• Artist Focus
  • Thematic/Topical Focus
  • Stakeholder or Partner Focus

Read the summary of findings ›


Partnerships are Key to Successful Collaboration

In some respects, the Creative Campus Innovations Grant Program could be viewed as a study in partnerships: partnerships with artists, partnerships with faculty and academic departments, partnerships with student organizations, and partnerships with community organizations. Strong partnerships yielded strong and sustainable outcomes. Thus, grantees with strong process design and project management approaches (e.g., active task forces and committee structures) tended to outperform those with weaker approaches in terms of the grant program’s goals. The capacity to assess progress, reflect critically and diagnose problems was also associated with stronger outcomes.


Pairing Visiting Artists with Non-Arts Faculty – three examples from Wesleyan, Cal State and Montclair State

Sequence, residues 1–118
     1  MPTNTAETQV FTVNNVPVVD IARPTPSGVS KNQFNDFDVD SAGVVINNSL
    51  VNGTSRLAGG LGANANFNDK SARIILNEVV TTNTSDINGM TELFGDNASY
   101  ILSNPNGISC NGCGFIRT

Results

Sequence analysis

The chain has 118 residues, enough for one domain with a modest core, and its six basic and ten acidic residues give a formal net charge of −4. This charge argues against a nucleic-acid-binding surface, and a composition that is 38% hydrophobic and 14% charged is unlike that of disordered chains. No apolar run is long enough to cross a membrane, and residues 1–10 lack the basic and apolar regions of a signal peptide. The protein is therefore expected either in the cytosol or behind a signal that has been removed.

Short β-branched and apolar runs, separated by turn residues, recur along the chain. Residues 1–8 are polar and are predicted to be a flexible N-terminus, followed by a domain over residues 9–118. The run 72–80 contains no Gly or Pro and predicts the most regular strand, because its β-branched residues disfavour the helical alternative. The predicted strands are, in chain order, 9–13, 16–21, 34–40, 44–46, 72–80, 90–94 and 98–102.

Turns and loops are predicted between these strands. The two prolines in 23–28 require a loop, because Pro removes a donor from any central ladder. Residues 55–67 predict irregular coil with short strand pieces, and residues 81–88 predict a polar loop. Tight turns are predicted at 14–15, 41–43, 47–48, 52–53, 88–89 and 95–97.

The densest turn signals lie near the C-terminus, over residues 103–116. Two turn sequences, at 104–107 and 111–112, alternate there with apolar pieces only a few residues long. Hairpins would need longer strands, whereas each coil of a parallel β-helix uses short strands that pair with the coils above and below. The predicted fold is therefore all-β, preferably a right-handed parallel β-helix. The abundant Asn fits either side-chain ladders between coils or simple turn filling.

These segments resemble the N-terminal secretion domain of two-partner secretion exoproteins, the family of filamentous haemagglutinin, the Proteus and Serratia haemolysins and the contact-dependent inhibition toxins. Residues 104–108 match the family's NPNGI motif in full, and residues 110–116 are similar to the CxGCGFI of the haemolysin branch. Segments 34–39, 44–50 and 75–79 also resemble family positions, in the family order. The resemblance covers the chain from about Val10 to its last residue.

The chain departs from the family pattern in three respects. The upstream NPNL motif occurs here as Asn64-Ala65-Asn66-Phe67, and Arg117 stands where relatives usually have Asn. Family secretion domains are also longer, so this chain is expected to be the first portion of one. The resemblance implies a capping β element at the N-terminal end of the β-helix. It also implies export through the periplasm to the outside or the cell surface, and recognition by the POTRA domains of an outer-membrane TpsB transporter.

This strategy builds relationships and pedagogical practices that extend across disciplinary lines. At Wesleyan, co-taught courses coupled a dancer/choreographer with an environmental scientist who developed a curriculum that engaged students in the subject of climate change through scientific and artistic lenses. While engaging faculty artists proved to be relatively straightforward, engaging non-arts faculty proved more difficult. At some campuses, non-arts faculty could not be engaged in the project – not because of political or philosophical problems – but because of the advance planning requirements associated with modifying curriculum.

Partnerships at Wesleyan: